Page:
In the article "A Theory of Online Learning as Online Participation" Stefan Hrastinski (2008) presents empirical evidence that shows that online participation drives online learning. As evidence, Hrastinski points to numerous studies that have shown that interacting with others has more benefits than individualistic approaches to participation (Alavi, 1994; Brown & Palincsar, 1989). Benefits include spending more time on synthesizing ideas, integrating new concepts, problem solving, and critical thinking. In addition to these skills, time spent working cooperatively during online participation is linked to having a significant positive impact on student achievement. According to several studies, greater interaction amongst peers equated to more favorable outcomes as well. In addition to the benefits of cooperative learning online, evidence suggests that online learning is better when learners participate and collaborate. Evidence also suggests that learners who participated in collaborative or group learning were connected to high or higher learning outcomes than traditional settings. In summary, Hrastinski (2008) states that "the research reviewed here suggests that online participation drives better learning outcomes, at least when learning is measured as perceived learning, grades, tests, and quality of performances and assignments" (pg. 79).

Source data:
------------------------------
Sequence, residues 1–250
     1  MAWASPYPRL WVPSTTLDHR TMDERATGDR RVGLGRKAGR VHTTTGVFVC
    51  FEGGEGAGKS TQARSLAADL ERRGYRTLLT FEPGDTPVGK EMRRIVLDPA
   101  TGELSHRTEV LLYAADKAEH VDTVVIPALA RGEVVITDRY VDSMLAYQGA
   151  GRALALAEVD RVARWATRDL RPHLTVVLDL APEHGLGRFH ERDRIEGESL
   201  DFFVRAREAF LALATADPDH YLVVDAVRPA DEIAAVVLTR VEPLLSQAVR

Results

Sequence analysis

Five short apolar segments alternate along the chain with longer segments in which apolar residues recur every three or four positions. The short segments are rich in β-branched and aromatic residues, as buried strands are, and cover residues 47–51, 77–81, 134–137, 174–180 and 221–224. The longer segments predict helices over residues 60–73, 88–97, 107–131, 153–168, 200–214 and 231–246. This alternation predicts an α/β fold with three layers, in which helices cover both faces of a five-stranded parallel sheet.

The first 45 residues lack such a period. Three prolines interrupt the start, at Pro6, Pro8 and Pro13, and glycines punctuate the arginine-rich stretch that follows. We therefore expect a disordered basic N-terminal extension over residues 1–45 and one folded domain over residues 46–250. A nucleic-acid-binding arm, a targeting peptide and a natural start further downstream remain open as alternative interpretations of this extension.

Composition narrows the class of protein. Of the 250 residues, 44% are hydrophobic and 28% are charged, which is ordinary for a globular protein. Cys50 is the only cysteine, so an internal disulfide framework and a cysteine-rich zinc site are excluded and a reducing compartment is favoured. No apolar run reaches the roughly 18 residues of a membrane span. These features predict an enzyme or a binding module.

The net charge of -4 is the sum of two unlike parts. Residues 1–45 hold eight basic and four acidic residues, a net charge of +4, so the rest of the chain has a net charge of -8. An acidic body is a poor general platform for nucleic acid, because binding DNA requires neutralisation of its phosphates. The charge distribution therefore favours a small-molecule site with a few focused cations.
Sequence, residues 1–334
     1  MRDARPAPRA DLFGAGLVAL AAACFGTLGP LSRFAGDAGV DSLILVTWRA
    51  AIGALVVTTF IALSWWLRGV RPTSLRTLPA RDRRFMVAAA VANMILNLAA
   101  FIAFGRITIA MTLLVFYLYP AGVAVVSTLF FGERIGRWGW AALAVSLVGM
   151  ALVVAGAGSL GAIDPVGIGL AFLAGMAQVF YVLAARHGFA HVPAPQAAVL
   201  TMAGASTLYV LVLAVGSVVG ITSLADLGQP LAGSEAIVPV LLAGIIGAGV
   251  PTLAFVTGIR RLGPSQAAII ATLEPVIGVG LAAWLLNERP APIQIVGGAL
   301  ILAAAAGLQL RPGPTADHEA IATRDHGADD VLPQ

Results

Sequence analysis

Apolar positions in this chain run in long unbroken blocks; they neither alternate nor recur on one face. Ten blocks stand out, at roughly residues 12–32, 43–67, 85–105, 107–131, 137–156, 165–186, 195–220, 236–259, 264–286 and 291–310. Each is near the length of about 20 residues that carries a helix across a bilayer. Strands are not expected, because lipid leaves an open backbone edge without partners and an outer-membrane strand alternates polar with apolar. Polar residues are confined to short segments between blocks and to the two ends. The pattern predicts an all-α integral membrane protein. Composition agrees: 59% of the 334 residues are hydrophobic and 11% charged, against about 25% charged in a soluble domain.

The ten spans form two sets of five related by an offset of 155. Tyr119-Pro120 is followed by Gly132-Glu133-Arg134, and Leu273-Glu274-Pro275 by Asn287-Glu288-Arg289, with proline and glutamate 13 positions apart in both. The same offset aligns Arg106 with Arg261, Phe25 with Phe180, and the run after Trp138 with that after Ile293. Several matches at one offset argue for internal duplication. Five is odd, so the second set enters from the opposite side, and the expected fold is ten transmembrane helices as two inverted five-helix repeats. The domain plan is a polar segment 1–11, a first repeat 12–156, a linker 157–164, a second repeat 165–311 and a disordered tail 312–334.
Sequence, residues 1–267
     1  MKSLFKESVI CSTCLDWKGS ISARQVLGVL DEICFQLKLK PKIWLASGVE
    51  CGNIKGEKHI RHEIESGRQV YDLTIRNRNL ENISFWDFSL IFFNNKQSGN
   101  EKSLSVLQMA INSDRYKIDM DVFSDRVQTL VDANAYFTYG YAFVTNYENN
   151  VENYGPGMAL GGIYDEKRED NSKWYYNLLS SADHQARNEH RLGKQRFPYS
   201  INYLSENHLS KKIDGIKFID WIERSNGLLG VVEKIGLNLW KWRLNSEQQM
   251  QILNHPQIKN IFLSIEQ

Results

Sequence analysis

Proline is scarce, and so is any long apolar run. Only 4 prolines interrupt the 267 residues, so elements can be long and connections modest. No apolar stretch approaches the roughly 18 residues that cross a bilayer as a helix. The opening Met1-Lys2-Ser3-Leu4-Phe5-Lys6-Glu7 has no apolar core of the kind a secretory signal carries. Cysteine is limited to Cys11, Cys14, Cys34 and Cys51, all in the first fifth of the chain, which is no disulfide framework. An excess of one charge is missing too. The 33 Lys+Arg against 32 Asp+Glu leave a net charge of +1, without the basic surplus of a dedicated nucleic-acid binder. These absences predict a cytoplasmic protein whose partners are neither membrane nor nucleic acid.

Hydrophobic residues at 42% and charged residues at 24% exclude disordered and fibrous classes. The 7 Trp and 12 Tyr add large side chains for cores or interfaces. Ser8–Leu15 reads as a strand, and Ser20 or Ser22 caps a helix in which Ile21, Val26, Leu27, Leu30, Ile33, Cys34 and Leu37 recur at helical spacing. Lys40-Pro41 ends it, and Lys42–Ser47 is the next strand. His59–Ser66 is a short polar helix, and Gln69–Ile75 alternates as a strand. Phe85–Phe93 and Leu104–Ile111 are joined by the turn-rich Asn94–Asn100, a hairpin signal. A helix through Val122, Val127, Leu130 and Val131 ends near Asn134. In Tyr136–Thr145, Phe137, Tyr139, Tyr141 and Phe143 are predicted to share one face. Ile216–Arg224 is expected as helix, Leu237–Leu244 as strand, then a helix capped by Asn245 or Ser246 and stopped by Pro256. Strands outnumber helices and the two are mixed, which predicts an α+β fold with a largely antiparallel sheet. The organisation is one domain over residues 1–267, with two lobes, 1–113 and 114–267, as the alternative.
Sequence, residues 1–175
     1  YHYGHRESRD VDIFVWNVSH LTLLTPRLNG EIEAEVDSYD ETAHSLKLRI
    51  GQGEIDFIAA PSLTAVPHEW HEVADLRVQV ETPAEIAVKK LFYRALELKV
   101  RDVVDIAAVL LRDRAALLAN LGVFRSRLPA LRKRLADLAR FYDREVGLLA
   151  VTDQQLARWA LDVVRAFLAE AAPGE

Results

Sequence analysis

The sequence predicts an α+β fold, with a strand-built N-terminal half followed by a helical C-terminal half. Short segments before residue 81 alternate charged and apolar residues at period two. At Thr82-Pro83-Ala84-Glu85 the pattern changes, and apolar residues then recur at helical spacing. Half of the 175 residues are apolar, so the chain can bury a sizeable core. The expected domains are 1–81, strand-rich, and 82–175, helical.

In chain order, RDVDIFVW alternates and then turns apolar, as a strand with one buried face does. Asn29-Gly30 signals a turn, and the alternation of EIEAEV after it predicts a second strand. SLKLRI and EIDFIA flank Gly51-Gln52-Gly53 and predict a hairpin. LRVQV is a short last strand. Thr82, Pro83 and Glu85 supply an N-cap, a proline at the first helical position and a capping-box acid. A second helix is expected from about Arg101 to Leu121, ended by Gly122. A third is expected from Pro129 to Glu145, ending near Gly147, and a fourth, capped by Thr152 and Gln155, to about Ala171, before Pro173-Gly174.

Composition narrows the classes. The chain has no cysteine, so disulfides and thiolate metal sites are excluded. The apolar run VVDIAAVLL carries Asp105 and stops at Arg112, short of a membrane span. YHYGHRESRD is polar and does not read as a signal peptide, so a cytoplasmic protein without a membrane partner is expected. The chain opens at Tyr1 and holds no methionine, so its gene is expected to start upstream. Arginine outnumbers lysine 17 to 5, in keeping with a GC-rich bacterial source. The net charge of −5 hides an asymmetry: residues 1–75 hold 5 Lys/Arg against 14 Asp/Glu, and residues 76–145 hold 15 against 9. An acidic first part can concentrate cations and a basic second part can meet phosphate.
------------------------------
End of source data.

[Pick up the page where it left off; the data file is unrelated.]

So what is online learner participation? Following the presentation of evidence, Hrastinski discusses what online learner participation is and how one might conceptualize it. Hrastinski notes that Wenger (1998) and Webster's definitions of the concept align. Participation is then defined as "to have or take a part or share with others." While researchers agree that participation is an integral part of online learning, how the term is defined in this context differs greatly. While some scholars argue that participation is simply the number of times a learner engages in an aspect of learning, others argue participation is a "complex phenomenon" and "is a process of learning by taking part and maintaining relations with others" (pg. 80).
Regardless of what definition one prescribes to, Hrastinski notes that there are several key characteristics of online learner participation. First, participation is a complex process that require one to maintain relations with others. Second, participation is supported by physical and psychological tools. Third, participation is not synonymous with talking or writing. And finally, participation is supported by all kinds of engaging activities. Hrastinski concludes with a call to action of sorts stating that if want to improve online learning we need to improve online learner participation.
Comments are closed.